Tuesday, April 10, 2012

Bacterial meningitis

What is meningitis?
The infection that causes inflammation of the lining of the brain (Manning) and spinal cord.

Description of the disease (causes, incidence, physiology)
Meningitis caused by viruses, bacteria, fungi and irritative effects of chemical substances. The most common cause of bacterial meningitis are bacterial infections in other parts of the body that can spread through the blood to the brain or spinal cord. There are several types of meningitis and is usually divided into acute viral and bacterial, and subacute and chronic meningitis (eg, tuberculous, cryptococcal, sifilitički, ...) which are milder and longer flow. Acute bacterial meningitis is a serious condition that must immediately begin to heal in order to prevent permanent damage. Bacteria that cause meningitis are Neisseria meningitidis (meningitis), Streptococcus pneumoniae (Streptococcus), Haemophilus influenzae in children (increasingly rare after the introduction of vaccination).

Who gets (risk factors)?
Common Viral meningitis is milder and occurs more often than bacterial meningitis. It affects people younger than 30 years. Seventy percent of infections occurred in children younger than 5 years. Frequently the enterovirus. Other types of viral meningitis are rare, but serious. Meningitis (causing meningitis) is located in the nose and throat in 5% of the people. Only a small number of them are diagnosed. Meningococcal meningitis can occur in outbreaks in closed groups, for example. schools with dormitories and barracks.
Pneumococcus is the most common cause of meningitis in adults. Risk group are alcoholics, people with chronic ear infections, sinus infections, closed head injury, pneumonia, or a person without a spleen.

Inflammation of the airways is usually preceded by fever, headache, stiff neck and vomiting. Additional symptoms that may be associated with this disease are: sensitivity to light (photophobia), altered state of consciousness (sensitivity, restlessness, confusion, drowsiness to coma), followed by neck pain and muscle pain, speech disorder, and others.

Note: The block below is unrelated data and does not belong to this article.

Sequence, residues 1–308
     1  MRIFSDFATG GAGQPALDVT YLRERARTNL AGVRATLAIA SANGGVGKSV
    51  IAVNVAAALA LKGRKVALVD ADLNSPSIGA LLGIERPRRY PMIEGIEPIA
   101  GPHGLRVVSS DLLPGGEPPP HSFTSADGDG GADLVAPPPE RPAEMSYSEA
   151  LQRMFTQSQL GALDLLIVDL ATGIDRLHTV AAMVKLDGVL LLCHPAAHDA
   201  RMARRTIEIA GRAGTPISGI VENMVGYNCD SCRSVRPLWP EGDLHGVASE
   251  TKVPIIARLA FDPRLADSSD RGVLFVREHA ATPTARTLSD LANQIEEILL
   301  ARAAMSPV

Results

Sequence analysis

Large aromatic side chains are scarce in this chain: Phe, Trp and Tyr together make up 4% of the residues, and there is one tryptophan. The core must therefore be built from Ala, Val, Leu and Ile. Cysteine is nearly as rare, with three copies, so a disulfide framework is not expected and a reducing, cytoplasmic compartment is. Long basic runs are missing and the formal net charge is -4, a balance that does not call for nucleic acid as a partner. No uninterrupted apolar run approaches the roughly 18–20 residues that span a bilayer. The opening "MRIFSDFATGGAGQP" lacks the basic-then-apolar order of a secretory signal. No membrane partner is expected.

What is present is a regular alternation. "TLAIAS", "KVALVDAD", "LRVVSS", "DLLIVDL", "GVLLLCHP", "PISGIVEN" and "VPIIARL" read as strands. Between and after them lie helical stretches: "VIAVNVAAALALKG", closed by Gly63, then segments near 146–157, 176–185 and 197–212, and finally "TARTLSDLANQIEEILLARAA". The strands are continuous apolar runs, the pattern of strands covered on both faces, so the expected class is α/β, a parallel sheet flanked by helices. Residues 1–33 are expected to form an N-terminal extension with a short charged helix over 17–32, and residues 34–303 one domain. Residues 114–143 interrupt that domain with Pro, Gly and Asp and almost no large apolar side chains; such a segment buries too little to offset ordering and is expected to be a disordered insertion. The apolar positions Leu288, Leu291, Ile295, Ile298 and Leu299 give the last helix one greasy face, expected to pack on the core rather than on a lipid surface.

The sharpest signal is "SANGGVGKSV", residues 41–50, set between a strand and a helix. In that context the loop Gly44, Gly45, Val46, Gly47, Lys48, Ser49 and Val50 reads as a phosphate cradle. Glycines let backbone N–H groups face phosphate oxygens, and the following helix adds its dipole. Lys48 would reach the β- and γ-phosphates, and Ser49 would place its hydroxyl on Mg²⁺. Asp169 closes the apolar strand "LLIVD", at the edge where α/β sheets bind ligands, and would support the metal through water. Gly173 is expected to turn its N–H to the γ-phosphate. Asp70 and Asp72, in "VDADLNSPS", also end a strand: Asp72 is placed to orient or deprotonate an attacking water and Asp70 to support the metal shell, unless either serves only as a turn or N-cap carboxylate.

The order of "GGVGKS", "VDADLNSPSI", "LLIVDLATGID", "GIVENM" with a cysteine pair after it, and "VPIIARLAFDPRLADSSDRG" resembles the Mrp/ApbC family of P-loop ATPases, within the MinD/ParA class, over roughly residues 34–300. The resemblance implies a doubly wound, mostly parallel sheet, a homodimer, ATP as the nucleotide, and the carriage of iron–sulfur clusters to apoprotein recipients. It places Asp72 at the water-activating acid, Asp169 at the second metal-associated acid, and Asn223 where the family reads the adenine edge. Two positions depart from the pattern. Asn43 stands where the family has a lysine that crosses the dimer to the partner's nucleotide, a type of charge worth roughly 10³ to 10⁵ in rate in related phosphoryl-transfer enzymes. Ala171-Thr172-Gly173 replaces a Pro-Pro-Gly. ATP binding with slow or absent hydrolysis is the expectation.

In young children aged 3 months to 2 years the symptoms are less predictable. Fever, vomiting, irritability, cramping the whole body, screams and tense fontanelle are the most common symptoms, and neck stiffness may be absent.

What results can a doctor do?
lumbar puncture and CSF examination (glucose, cell count, fecal culture);
X-rays of the head, sinus and chest;
CT of the head due to possible abscess or deep swelling of the brain.
Treatment for meningitis conducted in the hospital. In the treatment of bacterial meningitis, antibiotics are used, depending on the meningitis bacterium. Antibiotics are not effective in the treatment of viral meningitis. For the treatment of secondary symptoms, brain edema, shock, and seizures will require other medications.

If meningitis is not treated or complicated disease may cause:
hearing loss;
brain damage;
loss of vision;
limb weakness (paresis).
With suspected meningitis should immediately seek medical attention! Early treatment is key to a good outcome.

Vaccination against Haemophilus influenzae (in children aged 2 months to 4 years). Vaccination with us is not mandatory, but it is available.
Family members and others who were in close contact with patients with meningococcal meningitis should receive an antibiotic (rifampicin). 

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